Bak Kut Teh Recipe

Bak Kut Teh literally means Pork Bone Tea soup and is a Chinese soup dish believed to be introduced into Malaysia in the 19th century by Chinese workers. It become famous out of the port town of Klang where it was traditionally served as a breakfast dish.

It flowed over into Singapore and even parts of Taiwan. (They will probably argue about where it originated!)

With an ever so slightly medicinal taste, the broth is infused with spices such as cinnamon and star anise. Loaded with pork ribs, dried shiitake mushrooms, tofu puffs, and garlic, this soup fills the kitchen with evocative scents.

While kicking around the backstreets of Kuala Lumpar, I was lucky enough to find a Buk Kut Teh stall. Not sure at first what I had stumbled across, I could only image that the boiling aromatic pot of pork bone and spices had to be great thing at 11am in the morning, and a good way to start off the day.

This dish has become a popular item at events, and also was the star of the show in a recent dinner at the James Beard house.

Bak Kut Teh Recipe
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  • 3 pounds pork ribs
  • 1 gallon water
  • 6 dried shiitake mushrooms
  • 1 bunch whole scallion
  • 1 tablespoon whole coriander seeds
  • 5 pieces whole star anise
  • 2 packs of Bak Kut Teh herbs (found in Asian specialty stores)
  • 1/2 cup soy sauce
  • 1 tablespoon oyster sauce
  • A few dashes of white pepper powder
  • salt to taste
  • 1 sheet rice noodles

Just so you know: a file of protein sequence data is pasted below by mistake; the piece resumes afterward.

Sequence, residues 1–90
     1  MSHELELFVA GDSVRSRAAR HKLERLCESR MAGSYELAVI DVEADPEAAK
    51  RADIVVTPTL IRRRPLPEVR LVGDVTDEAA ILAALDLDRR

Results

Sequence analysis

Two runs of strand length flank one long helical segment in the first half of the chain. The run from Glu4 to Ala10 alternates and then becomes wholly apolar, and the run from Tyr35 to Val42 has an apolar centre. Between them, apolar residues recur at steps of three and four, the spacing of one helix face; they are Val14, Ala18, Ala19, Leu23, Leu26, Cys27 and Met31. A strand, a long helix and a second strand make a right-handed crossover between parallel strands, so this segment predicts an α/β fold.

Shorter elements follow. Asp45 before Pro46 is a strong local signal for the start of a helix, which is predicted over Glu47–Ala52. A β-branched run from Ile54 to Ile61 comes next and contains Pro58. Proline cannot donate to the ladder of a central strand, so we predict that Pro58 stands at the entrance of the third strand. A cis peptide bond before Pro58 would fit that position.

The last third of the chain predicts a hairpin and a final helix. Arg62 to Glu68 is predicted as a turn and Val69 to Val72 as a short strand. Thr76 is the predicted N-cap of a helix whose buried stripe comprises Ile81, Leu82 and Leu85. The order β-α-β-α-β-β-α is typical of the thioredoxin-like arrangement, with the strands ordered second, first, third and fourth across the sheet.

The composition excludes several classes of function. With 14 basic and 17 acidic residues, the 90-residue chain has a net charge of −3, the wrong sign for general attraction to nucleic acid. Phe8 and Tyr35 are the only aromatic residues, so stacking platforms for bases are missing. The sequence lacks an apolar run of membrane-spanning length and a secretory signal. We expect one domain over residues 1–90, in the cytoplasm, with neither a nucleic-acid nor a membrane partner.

• 4 fresh Shiitake mushrooms
  • 1 cup picked cilantro leaves
  • 2 cups bean sprouts
  • Diced pork meat
  • 4
  • 1/2 cup fish saue
  • 1/2 cup lime juice
  • 3 tablespoons white sugar
  1. Place pork ribs in a heavy base pot, cover with cold water and boil the ribs until froth rises to the surface. Allow to simmer for 10 minutes. 
  2. Remove ribs from the pot, discard water. Clean pot thoroughly. 
  3. In the same pot add ribs, water, dried shiitake, scallions and whole spices. On a low to medium heat bring to stock to a simmer.
  4. Once simmering add spice bag and continue cooking for a 1 hour. 
  5. After 1 hour the meat should start falling of the bone. At this point add the seasoning liquids and cook for a further 30 minutes. 
  6. Remove pork ribs from the stock, while still warm this is the best time to separate the meat. 
  7. Gently remove any bones and cartilage. With your finger ‘pull’ the pork. Set aside 
  8. Divide the noodles, sliced shiitake and pork meat between 4 large soup bowls. 
  9. Bring the broth back up to a boil.
  10. In a separate mixing bowl place, bean sprouts, cilantro, sliced chili and mix together. 
  11. Divide the soup into the four bowls. 
  12. Just before serving place the bean sprout salad on top of the broth, finish with a sprinkle of crispy shallots. 
  13. Mix all ingredients in a bowl.
  14. Serve in sauce ramekin. 
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